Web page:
Now compare the community lines for the 1970s and 1980s in the figure. First note the extension to more professional experiences—some defining entirely new fields, such as GIS specialist. In addition, the 1980s line flattens a bit to indicate that the average “depth of expert spatial knowledge” within the community declined from that of the laser-focused research types. Finally note that the “keel of knowledge” shifted right toward the system managers and application focus.
These trends in the GIS community mix accelerated in the 1990s. On the system side professional programmers restructured, extended and enhanced the old unstructured FORTRAN and BASIC code of the early innovators into comprehensive flagship GIS systems with graphical interfaces. The GIS developers stopped coding their own systems and used the toolkits to develop customized solutions for individual industries and organizations. System managers, data providers and GIS specialists provided the utility and day-to-day attention demanded by the operational systems coming on line.
On the application side, a maturing GPS industry was fully integrated and RS returned to the geotechnology fold. As a result, hundreds of thousands of general users of these systems with varying backgrounds and application interests found GIS on their desktops and joined the community mix. The shift toward applications diminished the depth of knowledge and further shifted its keel to the right. At one point this prompted me to suggest that GIS was “a mile wide and an inch deep,” as many in the wave of new comers to GIS did so through an enlarged job description and a couple of training courses.
If that is the case, then we are now ten miles wide and a quarter-inch deep. In retrospect and a bit of reflection on the 2000s community line suggests that is exactly where we should be. While there are large numbers of deeply-keeled GIS experts, there are orders of magnitude more users of geotechnology. The evolution from a research-dominated to a user-dominated field confirms that geotechnology has come of age. In part, this is a natural condition of all computer-based disciplines brought on by ubiquitous personal computers and Internet connections. The dominant focus of this phase, from webmaster to the end user, is on accessing spatial information. Couple this with the current multimedia clamor and 3D visualization, such as Google Earth, a whole new form of a map is becoming the norm.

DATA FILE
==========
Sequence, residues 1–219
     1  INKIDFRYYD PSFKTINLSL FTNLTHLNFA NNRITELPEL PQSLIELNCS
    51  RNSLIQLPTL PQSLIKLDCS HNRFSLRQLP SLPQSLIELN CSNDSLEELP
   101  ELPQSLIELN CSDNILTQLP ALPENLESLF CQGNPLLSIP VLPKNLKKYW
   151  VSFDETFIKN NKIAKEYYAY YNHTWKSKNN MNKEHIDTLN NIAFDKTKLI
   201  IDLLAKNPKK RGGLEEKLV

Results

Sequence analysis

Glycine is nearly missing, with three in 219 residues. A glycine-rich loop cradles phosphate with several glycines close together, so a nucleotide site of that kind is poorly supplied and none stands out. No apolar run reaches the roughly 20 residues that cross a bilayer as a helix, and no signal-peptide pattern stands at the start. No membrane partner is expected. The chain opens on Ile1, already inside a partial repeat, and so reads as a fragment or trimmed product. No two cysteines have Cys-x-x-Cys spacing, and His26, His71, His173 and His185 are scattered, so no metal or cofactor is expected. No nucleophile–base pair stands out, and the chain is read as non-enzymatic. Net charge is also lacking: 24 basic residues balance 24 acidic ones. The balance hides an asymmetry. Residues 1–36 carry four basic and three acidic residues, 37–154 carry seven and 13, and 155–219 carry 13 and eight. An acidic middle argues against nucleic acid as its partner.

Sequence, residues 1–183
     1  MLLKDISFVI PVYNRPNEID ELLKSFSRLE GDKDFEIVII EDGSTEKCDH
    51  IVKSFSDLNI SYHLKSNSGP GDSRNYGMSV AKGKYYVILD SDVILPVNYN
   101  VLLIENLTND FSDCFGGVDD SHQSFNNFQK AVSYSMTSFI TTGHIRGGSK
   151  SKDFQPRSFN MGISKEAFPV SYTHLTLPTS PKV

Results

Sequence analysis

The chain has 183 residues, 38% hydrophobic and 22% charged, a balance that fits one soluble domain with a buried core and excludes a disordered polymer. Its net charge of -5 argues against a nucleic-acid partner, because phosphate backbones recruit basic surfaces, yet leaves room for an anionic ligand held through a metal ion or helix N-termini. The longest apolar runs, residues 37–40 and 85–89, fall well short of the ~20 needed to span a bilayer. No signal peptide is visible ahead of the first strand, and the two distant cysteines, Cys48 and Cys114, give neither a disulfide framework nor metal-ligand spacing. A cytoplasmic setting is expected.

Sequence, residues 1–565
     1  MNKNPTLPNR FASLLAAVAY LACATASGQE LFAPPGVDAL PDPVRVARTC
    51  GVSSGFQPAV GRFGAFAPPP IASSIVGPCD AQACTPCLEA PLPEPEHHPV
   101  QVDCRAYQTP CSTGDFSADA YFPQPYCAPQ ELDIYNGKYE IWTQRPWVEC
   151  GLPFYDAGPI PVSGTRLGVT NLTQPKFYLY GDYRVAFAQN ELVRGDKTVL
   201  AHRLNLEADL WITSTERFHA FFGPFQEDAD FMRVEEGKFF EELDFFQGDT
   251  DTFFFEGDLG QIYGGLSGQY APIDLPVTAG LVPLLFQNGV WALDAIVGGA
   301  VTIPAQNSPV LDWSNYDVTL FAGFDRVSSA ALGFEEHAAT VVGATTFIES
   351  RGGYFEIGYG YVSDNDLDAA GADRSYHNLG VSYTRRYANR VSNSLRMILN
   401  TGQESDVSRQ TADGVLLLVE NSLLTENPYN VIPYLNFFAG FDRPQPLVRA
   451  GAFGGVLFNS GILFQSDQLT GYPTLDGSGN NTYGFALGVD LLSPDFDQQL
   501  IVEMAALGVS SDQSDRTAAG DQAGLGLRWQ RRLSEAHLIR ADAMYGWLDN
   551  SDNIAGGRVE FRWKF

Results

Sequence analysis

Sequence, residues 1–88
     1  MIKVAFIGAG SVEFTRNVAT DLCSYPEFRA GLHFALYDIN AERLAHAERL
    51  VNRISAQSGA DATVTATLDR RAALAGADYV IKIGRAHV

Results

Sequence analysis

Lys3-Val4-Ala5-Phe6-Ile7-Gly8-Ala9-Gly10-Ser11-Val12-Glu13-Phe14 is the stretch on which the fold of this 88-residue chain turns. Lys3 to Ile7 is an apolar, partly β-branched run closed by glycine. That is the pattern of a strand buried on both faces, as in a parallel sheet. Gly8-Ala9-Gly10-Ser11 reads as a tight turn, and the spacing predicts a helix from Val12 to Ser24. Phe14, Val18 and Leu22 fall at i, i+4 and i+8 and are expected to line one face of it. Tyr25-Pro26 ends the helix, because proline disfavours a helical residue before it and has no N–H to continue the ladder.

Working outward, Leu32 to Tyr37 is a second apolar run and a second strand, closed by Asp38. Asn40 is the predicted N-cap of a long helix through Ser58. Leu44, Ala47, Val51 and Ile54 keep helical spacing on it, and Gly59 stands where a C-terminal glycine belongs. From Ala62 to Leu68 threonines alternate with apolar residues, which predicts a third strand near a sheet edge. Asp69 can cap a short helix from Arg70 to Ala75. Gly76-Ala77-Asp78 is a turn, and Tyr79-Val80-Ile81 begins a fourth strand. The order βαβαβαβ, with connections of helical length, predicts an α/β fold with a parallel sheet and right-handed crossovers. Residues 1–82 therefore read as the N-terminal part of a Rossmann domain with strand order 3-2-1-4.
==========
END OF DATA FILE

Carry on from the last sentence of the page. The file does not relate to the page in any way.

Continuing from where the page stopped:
So what is under the flap of the ever enlarging tent of GIS? My guess is that it will become a fabric of society with most public users not even knowing (or caring) that they are using geotechnology. At the same time, a growing number of general users will become more comfortable with the technology and demand increased capabilities, particularly in spatial analysis, statistics and modeling.
This will translate into new demands on developers for schizophrenic systems that are tiered for various levels of users. Most users will be satisfied with simply accessing digital forms of traditional maps, geo-query and driving directions, while other more knowledgeable users, will access GIS models to run sophisticated map analyses and scenarios for planning and decision-making.
Also I suspect that the 2010s will see a whole new community line with two keels like a catamaran—one on the right (GIS specialist, General Users and Public Users) emphasizing applications involving millions and another on the left (General Programmers, GIS Developers and System Managers) emphasizing systems involving thousands. This dualistic community will completely change the evolutionary character of the GIS community into a radically different revolutionary group.
The biggest challenge we face is educating future GIS professionals and users to “think with maps” instead of just “mapping.” The digital nature of modern maps has forever changed what a map is and how it can be used. Map analysis capabilities will serve as the catalyst that enables us to fully address cognitive aspects of geographic space, as well as characterizing discrete physical features.
(GIS Community Issues)
Is GIS Technology Ahead of Science? — discusses several issues surrounding the differences in the treatment of non-spatial and spatial data (February 1999)
Observe the Evolving GIS Mindset — illustrates the "map-ematical" approach to analyzing mapped data (March 1999)
(GIS Education Considerations)
Where Is GIS Education — describes
the broadening appeal of
Varied Applications Drive GIS Perspectives — discusses how map analysis is enlarging the traditional view of mapping (August 1997)
Diverse Student Needs Must Drive GIS Education — identifies new demands and students that are molding the future of GIS education (September 1997)
Turning GIS Education on Its Head — describes the numerous GIS career pathways and the need to engage prospective students from a variety of fields (May 2003)